By Kate Hickner

There Are Always Strings Attached, Aren’t There?

At a White House Coronavirus Task Force press briefing last Tuesday, April 7, Centers for Medicare and Medicaid Services (CMS) Administrator Seema Verma announced that CMS was sending $30 billion to health care providers with “no strings attached.” But there are always strings attached, aren’t there? Even if they are appropriate and reasonable.

If you were one of the many healthcare providers across the country who woke up on Friday morning to a substantial direct deposit from the federal government into your checking account, here are a few things you should understand.

It’s Only the First Traunch

The $30 billion that CMS began to distribute on Friday is part of the $100 billion Public Health and Social Services Emergency Fund (the “Relief Fund”) established under the Coronavirus Aid, Relief, and Economic Security Act (CARES Act) to support health care providers in their fight against COVID-19. Many questions remain regarding how and when the remaining $70 billion will be distributed. It is anticipated that such distribution will focus on providers that have been most significantly impacted by the COVID-19 pandemic, including those that serve indigent, underserved and uninsured individuals.

Payments Were Determined Formulaically

The funds were determined and distributed in a formulaic manner—not on a first-come, first-served basis. All facilities and providers that received Medicare fee-for-service (FFS) reimbursements in 2019 were eligible for part of this initial and immediate $30 billion distribution. The amount each facility and provider received was based upon their proportionate share of the total 2019 Medicare fee for service reimbursements. Although most providers received their payments via direct deposit, providers who normally receive checks from CMS will receive a paper check for their share during the next few weeks.

The Payment Is a Grant — Not a Loan

Unlike advances through the CMS Accelerated and Advance Payment Program, which are completely separate, these direct deposits do not need to be repaid unless a provider is unable to agree to the required terms and conditions.

Payments Are Subject to Important Conditions

Within 30 days of receiving the payments, providers MUST sign an attestation confirming receipt of the funds and agreeing to the terms and conditions of payment. Recipients should take the time to read and understand the terms and conditions. They will be accountable to the federal government for retaining and using the funds only as permitted. For example, consider that, in order to retain the funds, each recipient needs to certify that it currently provides diagnoses, testing or care for individuals with possible or actual cases of COVID-19. Each recipient must certify that the payments received will only be used to prevent, prepare for and respond to coronavirus, and shall reimburse the recipient only for health care related expenses or lost revenues that are attributable to coronavirus. Further, as a condition to receiving these funds, providers must agree not to engage in balance billing with respect to COVID-19 patients.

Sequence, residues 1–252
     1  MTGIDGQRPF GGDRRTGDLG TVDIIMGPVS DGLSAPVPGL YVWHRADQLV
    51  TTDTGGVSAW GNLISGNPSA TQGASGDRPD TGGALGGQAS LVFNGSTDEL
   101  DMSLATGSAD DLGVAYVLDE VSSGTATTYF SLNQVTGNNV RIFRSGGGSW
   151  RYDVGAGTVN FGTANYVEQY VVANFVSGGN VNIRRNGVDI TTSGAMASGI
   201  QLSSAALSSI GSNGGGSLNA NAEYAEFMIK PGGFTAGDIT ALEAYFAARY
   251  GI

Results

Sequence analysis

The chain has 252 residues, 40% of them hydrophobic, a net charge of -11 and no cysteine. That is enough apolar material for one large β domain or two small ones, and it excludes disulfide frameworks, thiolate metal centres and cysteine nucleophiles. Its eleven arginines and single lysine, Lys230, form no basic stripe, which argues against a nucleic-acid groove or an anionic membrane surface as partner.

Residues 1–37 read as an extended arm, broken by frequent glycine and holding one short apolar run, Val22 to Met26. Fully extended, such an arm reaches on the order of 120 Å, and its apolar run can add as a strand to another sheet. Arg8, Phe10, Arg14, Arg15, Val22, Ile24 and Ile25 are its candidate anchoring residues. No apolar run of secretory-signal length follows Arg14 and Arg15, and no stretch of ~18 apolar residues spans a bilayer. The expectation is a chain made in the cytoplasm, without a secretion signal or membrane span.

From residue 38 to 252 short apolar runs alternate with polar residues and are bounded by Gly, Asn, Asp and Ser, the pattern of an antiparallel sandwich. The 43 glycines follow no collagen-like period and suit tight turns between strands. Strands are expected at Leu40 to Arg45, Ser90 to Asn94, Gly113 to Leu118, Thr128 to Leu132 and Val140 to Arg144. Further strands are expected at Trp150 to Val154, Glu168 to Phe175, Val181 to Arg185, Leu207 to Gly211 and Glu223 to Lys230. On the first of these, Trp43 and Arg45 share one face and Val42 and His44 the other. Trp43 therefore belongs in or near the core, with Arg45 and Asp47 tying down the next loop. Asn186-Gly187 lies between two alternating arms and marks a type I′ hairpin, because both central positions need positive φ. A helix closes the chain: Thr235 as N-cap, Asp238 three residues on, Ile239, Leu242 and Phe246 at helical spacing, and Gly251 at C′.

Providers Must Complete an Attestation

The portal for signing the required attestation agreeing to the terms and conditions described above will be open this week, and will be available on the provider relief page of the Department of Health and Human Services website. Providers should assume that the federal government will audit their compliance with these terms and conditions in the future. Providers will be accountable for demonstrating that the funds were used appropriately.

Providers Must Return Payments Under Certain Circumstances

If a provider is unable to comply with such terms and condition, the provider is required to contact the federal government within thirty (30) days and then return the Relief Fund payment to the federal government.

The KJK Healthcare Practice Group will stay apprised of developments in this area. If you have any questions regarding the Relief Fund or issues surrounding COVID-19 more generally, please contact Kate Hickner at or 216.736.7279.